Sandra Bullock: ‘I did Minions movie for my son’

Sandra Bullock is one of a handful of Hollywood stars joining Despicable Me’s lovable, pill-shaped creatures the minions – as they take centre stage with their own movie spin-off.

It’s been 17 years since Sandra Bullock last starred in an animated film, lending her voice to Moses’ sister Miriam in Dreamwork’s Prince of Egypt.

But when asked about her decision to join the cast of Minions, she couldn’t have responded quicker.

“My son,” she smiles. “I wanted to do something that he could see, that I was in.”

Bullock has an adopted son called Louis, who travelled with her to London ahead of the movie’s world premiere.

It sounds like a glamorous life for the much-papped five-year-old, but Bullock points out that “he doesn’t know what I do.

“I’ve started telling him that I go and make stories, but he doesn’t quite care what that’s about – nor do I want him to.”


So he doesn’t realise his mum is one of Hollywood’s highest-paid movie stars?

“[The phrase] ‘famous movie star’ doesn’t really mean anything, does it? We’re supposed to embarrass them! You’re not supposed to have respect from your kid.”

She gushes that her son loves physical humour and animation, and because she loves to hear him laugh, joining Minions was a no-brainer.

The film is a spin-off prequel to Despicable Me and Despicable Me 2. The latter alone took $970.8 million (£616m) at the worldwide box office, and it was the top grossing film of 2013 in the UK.

In Minions, it transpires the yellow creatures have actually been serving despicable masters since time began, from dinosaurs to vampires – but because of their accident-prone ways, they have been completely unsuccessful at keeping their jobs.

Without a master to serve, they are driven into a depression, before one of the more proactive minions, Kevin, hatches a plan to find someone new to work for.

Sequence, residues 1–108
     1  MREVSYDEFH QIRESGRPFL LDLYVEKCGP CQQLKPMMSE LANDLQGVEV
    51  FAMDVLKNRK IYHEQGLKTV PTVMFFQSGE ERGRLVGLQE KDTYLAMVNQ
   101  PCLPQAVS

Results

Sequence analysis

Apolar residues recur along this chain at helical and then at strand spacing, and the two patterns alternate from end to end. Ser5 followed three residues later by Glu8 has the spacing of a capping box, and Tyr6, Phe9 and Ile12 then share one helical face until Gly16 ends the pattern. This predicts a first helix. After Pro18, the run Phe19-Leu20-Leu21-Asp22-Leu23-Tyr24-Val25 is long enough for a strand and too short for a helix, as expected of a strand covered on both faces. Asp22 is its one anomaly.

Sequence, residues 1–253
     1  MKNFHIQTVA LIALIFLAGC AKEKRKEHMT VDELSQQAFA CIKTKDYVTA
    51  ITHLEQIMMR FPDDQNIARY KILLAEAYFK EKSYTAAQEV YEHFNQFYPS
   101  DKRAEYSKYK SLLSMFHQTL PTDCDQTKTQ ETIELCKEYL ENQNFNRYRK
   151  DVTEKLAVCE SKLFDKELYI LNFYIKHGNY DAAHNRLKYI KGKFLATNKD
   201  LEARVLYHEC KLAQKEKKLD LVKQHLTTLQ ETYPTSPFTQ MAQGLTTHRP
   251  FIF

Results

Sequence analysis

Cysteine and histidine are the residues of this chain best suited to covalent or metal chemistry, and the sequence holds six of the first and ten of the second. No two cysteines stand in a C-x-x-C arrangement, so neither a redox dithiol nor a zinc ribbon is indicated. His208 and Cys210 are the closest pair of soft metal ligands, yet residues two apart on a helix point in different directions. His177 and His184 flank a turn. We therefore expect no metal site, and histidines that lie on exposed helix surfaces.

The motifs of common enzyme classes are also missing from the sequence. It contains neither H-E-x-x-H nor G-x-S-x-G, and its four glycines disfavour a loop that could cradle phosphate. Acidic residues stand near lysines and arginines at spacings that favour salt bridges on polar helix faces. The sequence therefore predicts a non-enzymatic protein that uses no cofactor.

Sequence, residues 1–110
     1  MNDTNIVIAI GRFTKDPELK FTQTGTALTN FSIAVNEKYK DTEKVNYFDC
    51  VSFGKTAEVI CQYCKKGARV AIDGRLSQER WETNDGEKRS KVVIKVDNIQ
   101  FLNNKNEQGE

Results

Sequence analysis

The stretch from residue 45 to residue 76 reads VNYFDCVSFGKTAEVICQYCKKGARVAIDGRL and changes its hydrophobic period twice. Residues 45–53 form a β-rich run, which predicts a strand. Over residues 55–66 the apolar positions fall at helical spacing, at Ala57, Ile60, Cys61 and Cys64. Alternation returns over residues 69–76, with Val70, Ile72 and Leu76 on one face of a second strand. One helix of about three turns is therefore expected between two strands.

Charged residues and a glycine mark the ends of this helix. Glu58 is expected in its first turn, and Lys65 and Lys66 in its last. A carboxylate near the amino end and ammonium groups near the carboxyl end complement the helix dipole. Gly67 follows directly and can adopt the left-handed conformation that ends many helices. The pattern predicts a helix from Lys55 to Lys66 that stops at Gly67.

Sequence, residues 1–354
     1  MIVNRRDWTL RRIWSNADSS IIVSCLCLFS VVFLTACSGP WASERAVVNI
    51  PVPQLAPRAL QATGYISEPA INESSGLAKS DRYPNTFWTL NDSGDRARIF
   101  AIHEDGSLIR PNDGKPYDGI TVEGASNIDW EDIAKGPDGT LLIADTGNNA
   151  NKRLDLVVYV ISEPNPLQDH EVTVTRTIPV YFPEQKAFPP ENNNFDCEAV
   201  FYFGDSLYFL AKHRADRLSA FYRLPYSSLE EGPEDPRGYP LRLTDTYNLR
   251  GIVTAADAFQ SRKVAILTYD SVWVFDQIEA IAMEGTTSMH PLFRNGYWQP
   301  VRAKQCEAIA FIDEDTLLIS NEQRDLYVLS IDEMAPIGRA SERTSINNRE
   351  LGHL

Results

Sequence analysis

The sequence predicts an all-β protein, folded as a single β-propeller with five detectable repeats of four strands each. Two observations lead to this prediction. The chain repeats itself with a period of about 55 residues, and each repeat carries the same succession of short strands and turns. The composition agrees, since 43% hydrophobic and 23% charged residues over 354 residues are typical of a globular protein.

Along with fellow minions Stuart and Bob, they head to a villain convention which leads them to their next potential master – Bullock’s Scarlet Overkill, the world’s first-ever female super-villain.

Overkill proves a contrast to the Oscar-winner’s usual roles, which have given her the reputation of America’s sweetheart.

“I still don’t know what that means, but I’ll take it,” she laughs.

“As an actor, being a villain is a great thing. Everyone wants to be able to do that. And we’re human beings – we’re crabby – so to be able to be mean the entire time you’re working? It’s a great release.”

Although she says getting into character wasn’t hard – “Oh crabby’s easy for me. That’s a no-brainer” – the actualisation of Overkill was much more of a challenge.

“It was one of the harder things I’ve done. Every day was different and every day was a struggle.

“I’m so used to using a prop or a person or my body to sell something and I couldn’t sell the character that way. I had to only use my voice, which was tricky.”

“Just when I thought I did something well, I would hear, ‘we need you to do it again, we didn’t get it’ – and I’m like, ‘how could you not have gotten it?!’

“Then I realised, they’re in the other room with their heads hanging low, not even looking at my body – they are just listening., Listening for the sound.

“It was not an easy road to get there, but I’m so glad I did it.”


Pierre Coffin not only directs the film but also voices the entire minion population, including Kevin, Stuart and Bob.

“I’m not an actor in any way but I try to find what could differentiate and identify the three minions. In the performance it’s me trying to find the proper melody for whatever the emotional state of the character is in that moment, with whatever words sound funny in the tone.”

Coffin’s ‘Minion-ese’ – a mixture of languages including French, English, Italian and Spanish – is a huge part of the movie’s charm.

He and co-director Kyle Balda said they had a lot of fun directing their roll call of guest stars including Jennifer Saunders, Steve Coogan, Michael Keaton and Mad Men star John Hamm – who Bullock describes as “delicious”.

The appeal of the minions is apparently unbounded, with Universal already confirming Despicable Me 3 will be released in June 2017.

“It’s their innocence,” says Bullock on their level of popularity. “They don’t mean to harm or make something collapse or explode. It’s accidental.

“They have such sweetness and good will. And we all understand them. No matter where we come from, we all understand the minions.”

Originally featured on the BBC